Ontario’s legal iGaming market just celebrated its one-year anniversary after opening on April 4, 2022. And in that time has delivered roughly C$35.6bn ($26.41bn) in total wagers and approximately C$1.4bn ($1.04bn) in total gaming revenue, positioning the province among the top five jurisdictions in North America.
That, considering the less than inspiring figures in iGaming Ontario’s (iGO) first public report of market performance, where on 31 gaming websites, 18 regulated operators generated just shy of C$4.1bn ($3.1bn) from April 2022 through June 2022 and total gaming revenue came in at C$162m ($124m). There are now more than 70 websites offering sports betting, casino games, and poker in Ontario.
Ontario’s Regulated Online Gaming Market
Bordering the U.S. and the Great Lakes, the province in east-central Canada, where there are now safe and legit online casinos to play at, was the very first to launch an open, regulated iGaming market where a number of private operators of online casinos and sportsbooks were allowed to legally take bets, after years of activity by “grey” operators – regulated and licensed outside the country.
“Ontario’s igaming market has displaced the pre-existing unregulated market and made Ontario a recognized leader internationally in this industry since its launch in April 2022,” proclaimed Attorney General Doug Downey.
“We are truly proud of this strong, responsible, competitive online gaming model. I want to especially commend the strong leadership of Executive Director Martha Otton, Board Chair Dave Forestell and the rest of the team at iGaming Ontario for helping us transform Ontario into a global leader in the sector.”
According to iGO’s recent report, over 1.6 million active player accounts – on online casino websites run by more than 40 operators it currently has agreements with – have made the Canadian province one of the largest iGaming markets on the continent. Considering the industry opened with just a dozen operators, that’s quite an achievement.
The Alcohol and Gaming Commission of Ontario (AGCO) internet gaming subsidiary’s examination of player choices and market trends over the last year show that, on average, the monthly spend for each individual player account is approximately C$70 ($51.92).
AGCO has certified 5,000-plus games for use in Ontario, not including results from the Ontario Lottery and Gaming Corporation (OLGC), which is responsible for the Proline brand retail and online sports betting products in the province.
“Every player who places a wager with a legal operator is doing so in a safe, regulated, and protected environment,” said Otton. “I want to thank the players, our 40-plus operators and our government partners for placing their trust in us. Together we can help this market continue its strong performance.”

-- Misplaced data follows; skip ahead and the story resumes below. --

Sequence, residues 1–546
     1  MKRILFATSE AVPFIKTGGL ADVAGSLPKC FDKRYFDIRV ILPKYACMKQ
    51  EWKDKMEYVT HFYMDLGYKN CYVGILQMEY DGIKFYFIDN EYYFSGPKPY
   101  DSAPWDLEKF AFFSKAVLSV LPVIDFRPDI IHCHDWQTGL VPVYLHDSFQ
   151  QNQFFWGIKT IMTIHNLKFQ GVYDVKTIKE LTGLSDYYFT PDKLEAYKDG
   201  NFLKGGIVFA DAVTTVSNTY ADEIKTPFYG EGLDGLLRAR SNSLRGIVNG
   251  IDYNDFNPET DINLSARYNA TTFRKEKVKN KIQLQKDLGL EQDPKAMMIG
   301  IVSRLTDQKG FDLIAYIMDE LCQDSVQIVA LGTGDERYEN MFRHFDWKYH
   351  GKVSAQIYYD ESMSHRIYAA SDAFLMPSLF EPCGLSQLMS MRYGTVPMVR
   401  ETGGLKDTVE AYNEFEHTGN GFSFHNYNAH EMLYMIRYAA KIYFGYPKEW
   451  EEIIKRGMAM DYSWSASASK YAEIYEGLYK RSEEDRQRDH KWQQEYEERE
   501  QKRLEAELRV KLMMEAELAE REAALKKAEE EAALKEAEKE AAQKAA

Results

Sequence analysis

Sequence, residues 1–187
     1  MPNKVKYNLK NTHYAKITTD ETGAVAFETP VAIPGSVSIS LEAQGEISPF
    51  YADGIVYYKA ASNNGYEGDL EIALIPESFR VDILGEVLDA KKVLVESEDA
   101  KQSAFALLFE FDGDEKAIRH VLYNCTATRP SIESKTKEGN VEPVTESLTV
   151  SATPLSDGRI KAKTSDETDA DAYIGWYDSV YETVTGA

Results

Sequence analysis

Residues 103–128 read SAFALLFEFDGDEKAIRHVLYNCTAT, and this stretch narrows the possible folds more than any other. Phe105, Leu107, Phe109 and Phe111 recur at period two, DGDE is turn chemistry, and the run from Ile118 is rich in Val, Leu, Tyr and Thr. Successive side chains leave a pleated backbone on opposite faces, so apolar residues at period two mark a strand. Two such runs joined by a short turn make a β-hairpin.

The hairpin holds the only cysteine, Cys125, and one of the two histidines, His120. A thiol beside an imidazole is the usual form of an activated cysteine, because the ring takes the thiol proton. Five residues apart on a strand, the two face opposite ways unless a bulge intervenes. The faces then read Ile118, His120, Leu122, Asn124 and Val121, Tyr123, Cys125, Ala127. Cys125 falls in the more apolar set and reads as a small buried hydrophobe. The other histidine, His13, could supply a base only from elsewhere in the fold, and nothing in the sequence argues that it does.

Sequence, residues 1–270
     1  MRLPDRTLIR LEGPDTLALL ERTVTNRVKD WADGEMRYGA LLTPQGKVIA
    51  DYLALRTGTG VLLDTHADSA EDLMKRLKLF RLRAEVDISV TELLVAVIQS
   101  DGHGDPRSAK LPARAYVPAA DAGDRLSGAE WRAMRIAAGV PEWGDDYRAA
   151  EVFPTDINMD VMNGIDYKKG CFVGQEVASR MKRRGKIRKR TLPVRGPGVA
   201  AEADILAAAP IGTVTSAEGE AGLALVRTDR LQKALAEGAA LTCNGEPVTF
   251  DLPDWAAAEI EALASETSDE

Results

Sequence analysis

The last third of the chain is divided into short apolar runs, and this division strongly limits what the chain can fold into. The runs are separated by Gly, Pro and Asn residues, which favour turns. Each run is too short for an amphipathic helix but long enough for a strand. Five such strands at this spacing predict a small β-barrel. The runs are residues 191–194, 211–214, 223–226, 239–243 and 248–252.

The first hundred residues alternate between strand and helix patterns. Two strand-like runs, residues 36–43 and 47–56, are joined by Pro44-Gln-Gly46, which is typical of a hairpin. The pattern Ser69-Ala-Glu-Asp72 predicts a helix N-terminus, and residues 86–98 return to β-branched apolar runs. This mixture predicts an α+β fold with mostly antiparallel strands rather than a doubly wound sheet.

Further evidence that the market opening has seen players shift from gambling on unregulated sites to regulated sites that are in compliance with player protection and game integrity standards in Ontario. This shifting of sites can be in a survey conducted last month by market research company, Ipsos.
Commissioned by the AGCO and iGO, the results of the survey were released by the former on Tuesday at the Canadian Gaming Association (CGA) panel discussion event at the Toronto Region Board of Trade. Of the more than 1,100 Ontarians surveyed, 85.3 percent of respondents who gambled online in the province over the previous three months, said they did so on regulated sites. According to the AGCO, an estimated 70 percent of online gambling took place on unregulated sites prior to the launch of the market.
The most popular sports to bet on, per the report, were basketball at 28 percent, soccer at 15 percent, football at 14 percent, hockey at 9 percent and baseball came in last at 8 percent. Meanwhile, slots led in the online casino category with 48 percent of all casino wagers. Live dealer table games were at 32 percent and electronic table games were left with the remaining 19 percent.
Also speaking at the April 4th CGA event, AGCO Chief Operating Officer Dave Phillips, said, “Those numbers speak for themselves. That’s a truly substantial shift. These are very encouraging numbers, where we are after the first year, but we have a lot of work to do.
“For so many years, so many voices out there said this couldn’t be done, that Canada’s gaming laws posed too many barriers to permit the creation of a truly competitive marketplace, that the unregulated market had become too entrenched, too beyond reach, and that it would be impossible to create a strong effective system of regulatory oversight.”
Will Other Provinces Follow
Considering the success of the year-old market, the question is can we expect more Canadian provinces to follow Ontario in legalizing online gambling?
At the CGA event, there was an air of optimism that other provinces will follow suit and open up even though operators appear to be content in Canada‘s most populous province.
“Twelve months from now I don’t see any reason, based on the great work that Ontario has done, that we can’t see one, if not more, jurisdictions in Canada following their lead,” said Benjie Levy, head of PENN Interactive and president and chief operating officer of theScore.